In photometry, illuminance is the total luminous flux incident on a surface, per unit area.[1] It is a measure of how much the incident light illuminates the surface, wavelength-weighted by the luminosity function to correlate with human brightness perception.[2] Similarly, luminous emittance is the luminous flux per unit area emitted from a surface. Luminous emittance is also known as luminous exitance.[3][4]

Common symbols
SI unitlux
Other units
phot, foot-candle
In SI base unitscd·sr·m−2
Illuminance diagram with units and terminology.
Illuminance diagram with units and terminology

In SI units illuminance is measured in lux (lx), or equivalently in lumens per square metre (lm·m−2).[2] Luminous exitance is measured in lm·m−2 only, not lux.[4] In the CGS system, the unit of illuminance is the phot, which is equal to 10000 lux. The foot-candle is a non-metric unit of illuminance that is used in photography.[5]

Illuminance was formerly often called brightness, but this leads to confusion with other uses of the word, such as to mean luminance. "Brightness" should never be used for quantitative description, but only for nonquantitative references to physiological sensations and perceptions of light.

The human eye is capable of seeing somewhat more than a 2 trillion-fold range. The presence of white objects is somewhat discernible under starlight, at 5×10−5 lux (50 μlx), while at the bright end, it is possible to read large text at 108 lux (100 Mlx), or about 1000 times that of direct sunlight, although this can be very uncomfortable and cause long-lasting afterimages.[citation needed]

Common illuminance levels

A lux meter for measuring illuminances in work environments
Lighting condition Foot-candles Lux
Sunlight 10,000 [6] 100,000
Shade on a sunny day 01,000 010,000
Overcast day 00100 001,000
Very dark day 00010 000100
Twilight 00001 000010
Deep twilight 00000.1 000001
Full moon 00000.01 000000.1
Quarter moon 00000.001 000000.01
Starlight 00000.0001 000000.001
Overcast night 00000.00001 000000.0001



In astronomy, the illuminance stars cast on the Earth's atmosphere is used as a measure of their brightness. The usual units are apparent magnitudes in the visible band.[7] V-magnitudes can be converted to lux using the formula[8]   where Ev is the illuminance in lux, and mv is the apparent magnitude. The reverse conversion is  

Relation to luminance

Comparison of photometric and radiometric quantities

The luminance of a reflecting surface is related to the illuminance it receives:   where the integral covers all the directions of emission ΩΣ, and

In the case of a perfectly diffuse reflector (also called a Lambertian reflector), the luminance is isotropic, per Lambert's cosine law. Then the relationship is simply  

See also



  1. ^ "Illuminance, 17-21-060". CIE S 017:2020 ILV: International Lighting Vocabulary, 2nd edition. CIE - International Commission on Illumination. 2020. Retrieved 20 April 2023.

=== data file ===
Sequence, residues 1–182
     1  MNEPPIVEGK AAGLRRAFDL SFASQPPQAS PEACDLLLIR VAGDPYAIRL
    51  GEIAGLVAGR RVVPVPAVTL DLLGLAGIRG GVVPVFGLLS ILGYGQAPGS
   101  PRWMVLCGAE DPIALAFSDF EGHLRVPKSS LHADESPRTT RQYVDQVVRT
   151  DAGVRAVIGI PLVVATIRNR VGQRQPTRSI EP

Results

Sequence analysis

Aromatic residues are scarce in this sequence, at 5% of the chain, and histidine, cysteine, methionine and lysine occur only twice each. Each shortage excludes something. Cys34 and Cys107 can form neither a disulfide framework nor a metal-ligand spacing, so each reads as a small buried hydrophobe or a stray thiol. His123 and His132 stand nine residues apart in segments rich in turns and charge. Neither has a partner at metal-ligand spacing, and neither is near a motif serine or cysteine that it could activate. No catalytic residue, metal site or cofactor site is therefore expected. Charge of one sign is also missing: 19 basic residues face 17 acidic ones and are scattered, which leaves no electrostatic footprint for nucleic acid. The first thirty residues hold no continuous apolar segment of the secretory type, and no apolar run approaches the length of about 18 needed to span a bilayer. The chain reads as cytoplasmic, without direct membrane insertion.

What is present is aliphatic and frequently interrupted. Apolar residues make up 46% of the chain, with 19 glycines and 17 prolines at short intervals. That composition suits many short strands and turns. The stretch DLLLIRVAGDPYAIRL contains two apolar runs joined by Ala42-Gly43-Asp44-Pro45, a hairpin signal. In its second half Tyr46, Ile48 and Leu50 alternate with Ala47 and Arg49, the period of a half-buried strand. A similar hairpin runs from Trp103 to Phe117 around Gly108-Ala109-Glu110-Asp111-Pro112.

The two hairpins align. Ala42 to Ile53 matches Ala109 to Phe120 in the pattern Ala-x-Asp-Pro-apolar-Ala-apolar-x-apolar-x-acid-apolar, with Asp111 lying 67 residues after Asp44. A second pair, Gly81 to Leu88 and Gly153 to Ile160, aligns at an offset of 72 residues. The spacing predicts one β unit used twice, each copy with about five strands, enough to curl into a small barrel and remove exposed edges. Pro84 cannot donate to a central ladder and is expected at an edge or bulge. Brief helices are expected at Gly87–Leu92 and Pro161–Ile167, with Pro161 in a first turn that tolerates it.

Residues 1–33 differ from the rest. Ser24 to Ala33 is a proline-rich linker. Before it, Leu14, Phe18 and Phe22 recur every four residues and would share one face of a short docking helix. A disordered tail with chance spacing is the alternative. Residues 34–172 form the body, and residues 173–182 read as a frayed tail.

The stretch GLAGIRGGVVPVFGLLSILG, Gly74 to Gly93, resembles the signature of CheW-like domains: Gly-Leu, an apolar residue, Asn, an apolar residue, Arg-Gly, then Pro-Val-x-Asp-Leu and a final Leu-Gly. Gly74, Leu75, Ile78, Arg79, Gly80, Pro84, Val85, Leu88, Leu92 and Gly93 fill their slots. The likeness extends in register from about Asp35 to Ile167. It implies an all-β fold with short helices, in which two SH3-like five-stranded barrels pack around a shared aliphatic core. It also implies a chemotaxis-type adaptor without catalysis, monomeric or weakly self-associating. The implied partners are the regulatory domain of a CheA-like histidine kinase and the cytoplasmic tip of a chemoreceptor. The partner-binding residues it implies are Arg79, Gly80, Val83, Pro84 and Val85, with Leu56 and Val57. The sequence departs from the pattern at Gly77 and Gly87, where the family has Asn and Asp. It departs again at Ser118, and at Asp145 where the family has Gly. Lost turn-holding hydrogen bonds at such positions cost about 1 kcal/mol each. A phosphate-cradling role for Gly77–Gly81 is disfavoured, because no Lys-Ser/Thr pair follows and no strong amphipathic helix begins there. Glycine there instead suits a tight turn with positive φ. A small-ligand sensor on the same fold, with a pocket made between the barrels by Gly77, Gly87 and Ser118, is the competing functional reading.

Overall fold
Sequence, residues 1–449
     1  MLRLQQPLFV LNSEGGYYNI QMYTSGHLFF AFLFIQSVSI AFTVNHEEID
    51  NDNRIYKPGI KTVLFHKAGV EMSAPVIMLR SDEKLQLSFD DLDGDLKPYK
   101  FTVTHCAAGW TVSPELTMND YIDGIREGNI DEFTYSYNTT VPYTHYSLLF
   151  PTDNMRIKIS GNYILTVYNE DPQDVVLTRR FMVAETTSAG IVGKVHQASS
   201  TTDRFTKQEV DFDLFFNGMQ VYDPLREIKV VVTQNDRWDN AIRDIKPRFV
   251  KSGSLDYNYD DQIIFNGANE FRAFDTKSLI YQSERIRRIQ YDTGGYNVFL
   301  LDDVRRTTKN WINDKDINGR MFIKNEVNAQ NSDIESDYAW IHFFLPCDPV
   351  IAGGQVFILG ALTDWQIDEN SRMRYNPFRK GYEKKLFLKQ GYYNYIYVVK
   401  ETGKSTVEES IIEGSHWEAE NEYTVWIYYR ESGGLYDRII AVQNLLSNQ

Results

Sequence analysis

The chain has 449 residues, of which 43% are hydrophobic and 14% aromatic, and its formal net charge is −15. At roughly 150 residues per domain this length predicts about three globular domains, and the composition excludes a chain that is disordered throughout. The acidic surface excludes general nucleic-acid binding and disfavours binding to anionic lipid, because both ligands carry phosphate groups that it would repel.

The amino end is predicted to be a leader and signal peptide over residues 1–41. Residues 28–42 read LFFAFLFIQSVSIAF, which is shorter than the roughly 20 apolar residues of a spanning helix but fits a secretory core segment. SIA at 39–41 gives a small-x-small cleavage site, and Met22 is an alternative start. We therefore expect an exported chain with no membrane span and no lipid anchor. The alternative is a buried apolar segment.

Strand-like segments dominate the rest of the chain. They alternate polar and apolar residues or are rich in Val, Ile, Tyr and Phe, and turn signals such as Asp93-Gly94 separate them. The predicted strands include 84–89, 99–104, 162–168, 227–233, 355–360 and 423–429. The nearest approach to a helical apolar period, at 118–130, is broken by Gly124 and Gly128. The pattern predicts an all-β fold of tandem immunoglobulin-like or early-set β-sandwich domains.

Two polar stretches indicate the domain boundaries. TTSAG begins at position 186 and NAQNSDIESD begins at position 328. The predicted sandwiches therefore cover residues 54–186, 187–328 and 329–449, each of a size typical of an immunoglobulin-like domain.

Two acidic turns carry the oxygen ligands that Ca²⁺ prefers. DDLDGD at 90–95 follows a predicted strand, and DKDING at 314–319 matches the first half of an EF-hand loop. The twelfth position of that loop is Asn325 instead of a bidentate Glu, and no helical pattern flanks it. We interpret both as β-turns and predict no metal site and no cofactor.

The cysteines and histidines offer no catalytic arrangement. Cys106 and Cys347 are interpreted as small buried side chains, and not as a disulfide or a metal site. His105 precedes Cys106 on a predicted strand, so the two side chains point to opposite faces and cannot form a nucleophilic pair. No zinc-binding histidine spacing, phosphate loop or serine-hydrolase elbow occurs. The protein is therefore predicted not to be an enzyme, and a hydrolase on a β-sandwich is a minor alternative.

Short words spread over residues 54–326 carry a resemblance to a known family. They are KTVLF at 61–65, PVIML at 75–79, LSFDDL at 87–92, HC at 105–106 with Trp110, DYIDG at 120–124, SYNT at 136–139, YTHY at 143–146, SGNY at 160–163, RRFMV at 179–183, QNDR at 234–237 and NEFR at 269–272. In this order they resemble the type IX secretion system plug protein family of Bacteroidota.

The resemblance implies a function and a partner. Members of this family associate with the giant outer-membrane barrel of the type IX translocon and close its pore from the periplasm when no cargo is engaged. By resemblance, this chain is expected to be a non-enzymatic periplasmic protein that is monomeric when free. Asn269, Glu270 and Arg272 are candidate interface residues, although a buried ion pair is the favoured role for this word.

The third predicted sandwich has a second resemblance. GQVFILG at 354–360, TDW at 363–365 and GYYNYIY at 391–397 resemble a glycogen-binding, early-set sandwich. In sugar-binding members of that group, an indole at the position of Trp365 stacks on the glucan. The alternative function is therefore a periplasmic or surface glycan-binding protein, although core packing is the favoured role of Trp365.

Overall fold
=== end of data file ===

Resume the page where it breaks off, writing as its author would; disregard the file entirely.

2. ^ a b International Electrotechnical Commission (IEC): International Electrotechnical Vocabulary. ref. 845-21-060, illuminance
  3. ^ Luminous exitance
  4. ^ a b International Electrotechnical Commission (IEC): International Electrotechnical Vocabulary. ref. 845-21-081, luminous exitance
  5. ^ One phot = 929.030400001 foot-candles, according to
  6. ^ "Illuminance - Recommended Light Level". The Engineering ToolBox. Archived from the original on April 3, 2022. Retrieved July 7, 2022.
  7. ^ Schlyter, Paul. "Radiometry and photometry in astronomy FAQ, section 7".
  8. ^ "Formulae for converting to and from astronomy-relevant units" (PDF). Archived from the original (PDF) on December 2, 2013. Retrieved Nov 23, 2013.
  • Illuminance Converter
  • Knowledgedoor, LLC (2005) Library of Units and Constants: Illuminance Quantity
  • Kodak's guide to Estimating Luminance and Illuminance using a camera's exposure meter. Also available in PDF form.

Quantity Unit Dimension
[nb 1]
Name Symbol[nb 2] Name Symbol
Luminous energy Qv[nb 3] lumen second lm⋅s TJ The lumen second is sometimes called the talbot.
Luminous flux, luminous power Φv[nb 3] lumen (= candela steradian) lm (= cd⋅sr) J Luminous energy per unit time
Luminous intensity Iv candela (= lumen per steradian) cd (= lm/sr) J Luminous flux per unit solid angle
Luminance Lv candela per square metre cd/m2 (= lm/(sr⋅m2)) L−2J Luminous flux per unit solid angle per unit projected source area. The candela per square metre is sometimes called the nit.
Illuminance Ev lux (= lumen per square metre) lx (= lm/m2) L−2J Luminous flux incident on a surface
Luminous exitance, luminous emittance Mv lumen per square metre lm/m2 L−2J Luminous flux emitted from a surface
Luminous exposure Hv lux second lx⋅s L−2TJ Time-integrated illuminance
Luminous energy density ωv lumen second per cubic metre lm⋅s/m3 L−3TJ
Luminous efficacy (of radiation) K lumen per watt lm/W M−1L−2T3J Ratio of luminous flux to radiant flux
Luminous efficacy (of a source) η[nb 3] lumen per watt lm/W M−1L−2T3J Ratio of luminous flux to power consumption
Luminous efficiency, luminous coefficient V 1 Luminous efficacy normalized by the maximum possible efficacy
See also:
  1. ^ The symbols in this column denote dimensions; "L", "T" and "J" are for length, time and luminous intensity respectively, not the symbols for the units litre, tesla and joule.
  2. ^ Standards organizations recommend that photometric quantities be denoted with a subscript "v" (for "visual") to avoid confusion with radiometric or photon quantities. For example: USA Standard Letter Symbols for Illuminating Engineering USAS Z7.1-1967, Y10.18-1967
  3. ^ a b c Alternative symbols sometimes seen: W for luminous energy, P or F for luminous flux, and ρ for luminous efficacy of a source.